Fresh drums of war can today be heard from Juba and Khartoum across the Nile through Lokichogio all the way to neighboring East African capitals. Just the other day, top South Sudan officials were in Nairobi pleading with Kenyan authorities to intervene and avert the imminent humanitarian crisis.
As they consulted with top Kenyan officials, there were reports of Khartoum bombs dropping in selected regions of South Sudan even as Omar El Bashir kept on denying the new provocations. And with these air raids, refugees from the South started flocking at Kenyan border points for the next round of displacement and life of misery in refugee camps along the Kenyan and Ugandan borders.
The gravity of the situation forced Sudan’s fugitive president, Omar El Bashir to cancel his peace talks with President Salva Kiir that was to take place in Juba. Now the same talks have to be held in Addis Ababa, considered a neutral ground for the two warring parties.
At the heart of this hostility is the dispute over oil fields based in South Sudan that for years boosted the rest of Sudan’s economy. Now that the GOSS government has switched off oil taps and discontinued transporting its oil through the North, the Khartoum regime is in a rage.
This belligerent behavior of the Northern Sudan should not surprise any right thinking person in our region. This is the regime that used modern weaponry to bomb helpless villagers in South Sudan for over two decades. It is the same regime that sponsored Joseph Kony’s murderous militias for years to destabilize both Northern Uganda and perpetuate the war in South Sudan. As if that was not enough, the same regime opened another front for the massacre of its citizens in the Darfur province, at times using the Jangaweed militias as its proxies.
Because of the extermination of Darfurians on account of their skin colour, the same President Omar El Bashir is now facing criminal charges at the international Criminal Court in The Hague.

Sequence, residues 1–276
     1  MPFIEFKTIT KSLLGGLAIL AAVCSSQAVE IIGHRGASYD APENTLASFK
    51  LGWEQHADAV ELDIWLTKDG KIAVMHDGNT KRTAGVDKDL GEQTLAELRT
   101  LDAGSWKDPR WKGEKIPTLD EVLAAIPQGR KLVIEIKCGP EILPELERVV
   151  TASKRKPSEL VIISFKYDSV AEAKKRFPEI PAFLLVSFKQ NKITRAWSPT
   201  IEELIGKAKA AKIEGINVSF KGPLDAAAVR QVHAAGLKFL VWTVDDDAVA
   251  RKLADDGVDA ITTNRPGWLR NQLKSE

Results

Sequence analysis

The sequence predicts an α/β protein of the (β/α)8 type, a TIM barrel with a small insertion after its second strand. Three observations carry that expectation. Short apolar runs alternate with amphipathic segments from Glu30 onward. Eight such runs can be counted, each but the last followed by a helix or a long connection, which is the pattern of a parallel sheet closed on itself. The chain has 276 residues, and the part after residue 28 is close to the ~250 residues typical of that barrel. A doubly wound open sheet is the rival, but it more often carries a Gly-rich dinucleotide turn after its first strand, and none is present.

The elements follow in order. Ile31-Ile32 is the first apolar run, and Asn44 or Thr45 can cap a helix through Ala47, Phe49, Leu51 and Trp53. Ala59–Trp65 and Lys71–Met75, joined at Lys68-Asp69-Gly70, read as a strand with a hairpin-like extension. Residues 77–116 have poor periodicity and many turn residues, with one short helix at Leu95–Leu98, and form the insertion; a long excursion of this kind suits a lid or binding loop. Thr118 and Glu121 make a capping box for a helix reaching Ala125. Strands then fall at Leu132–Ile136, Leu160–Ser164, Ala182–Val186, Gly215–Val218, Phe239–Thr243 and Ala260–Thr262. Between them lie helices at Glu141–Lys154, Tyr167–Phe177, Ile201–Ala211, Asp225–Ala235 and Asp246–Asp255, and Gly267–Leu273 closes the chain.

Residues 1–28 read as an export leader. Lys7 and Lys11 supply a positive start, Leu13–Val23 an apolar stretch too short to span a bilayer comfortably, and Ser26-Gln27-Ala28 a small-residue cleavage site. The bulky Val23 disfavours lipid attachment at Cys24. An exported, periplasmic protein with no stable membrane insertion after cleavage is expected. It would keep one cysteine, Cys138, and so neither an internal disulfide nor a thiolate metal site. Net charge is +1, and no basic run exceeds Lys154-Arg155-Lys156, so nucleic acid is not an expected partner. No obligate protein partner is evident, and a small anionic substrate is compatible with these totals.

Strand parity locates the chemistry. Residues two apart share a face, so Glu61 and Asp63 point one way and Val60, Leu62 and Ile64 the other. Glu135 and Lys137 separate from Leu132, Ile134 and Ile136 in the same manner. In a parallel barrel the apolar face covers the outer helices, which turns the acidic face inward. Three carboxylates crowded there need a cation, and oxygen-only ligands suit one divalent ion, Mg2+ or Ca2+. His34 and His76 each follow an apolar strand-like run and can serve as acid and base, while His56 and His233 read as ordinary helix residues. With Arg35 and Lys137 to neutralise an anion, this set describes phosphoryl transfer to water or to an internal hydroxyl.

And he is not facing common criminal charges; he is accused of the worst crimes any individual can ever be charged with on earth- that of genocide and crimes against humanity.
We in East Africa have every reason to be weary of the Khartoum regime’s antics under Omar El Bashir. Being a war monger and an international fugitive, Bashir will have no problems causing havoc and destabilizing the region. Like Joseph Kony, his fellow fugitive and the once comrade in arms in causing chaos and misery in Northern Uganda and South Sudan, Bashir will just be too happy to have a chaotic situation in both Sudans such that handing him over to The Hague will prove difficult.
This brings me back to the role of the AU in all this mess. Had the AU seen sense and stopped shielding Bashir from the ICC prosecutions we would today not be entertaining a common criminal as Sudan’s president. Had there been a good regime change before Garang died, I don’t think the South would have clamored for separation. In fact John Garang had fought for a just, free, democratic and united Sudan. The more reason he agreed to be sworn in as Sudan’s first Vice President upon signing the Peace Accord in Nairobi in the last decade.
The East African states must do all they can to stop Khartoum from intimidating and molesting South Sudan. The southerners made their choice to divorce from an unfair regime that had exploited and suppressed them for more than a century on account of their colour and religion. Now that they have established their independent state recognized by the AU, UN and the rest of the world; it is only fair that they are allowed to determine their destiny without being harassed for their God given natural resource- oil.
If you have visited South Sudan in the last few years as I have done on several ocassions, you will notice that the young state is still far from developed. The few structures that were left by the British at independence have been bombed to Stone Age era by two decades of war with Khartoum. In fact as I write this column, Juba the capital city still enjoys the dubious title of being the largest grass thatched city in the world. In other words, entertaining another war with the North will only make things worse for the already sorry GOSS state.
If East Africa in keen on averting another humanitarian crisis in the Horn of Africa, if the EAC, IGAD and the International Conference of Great Lakes Region are to be taken seriously; this is the time to say enough is enough to crimes against humanity and stop Bashir from re-escalating the Sudanese humanitarian tragedy into the region.
If need be, peace loving countries in the region should apply economic and political sanctions against Khartoum so that Bashir realizes he cannot be condoned forever. Our heads of state must bite the bullet and deal with a rogue elephant in the house.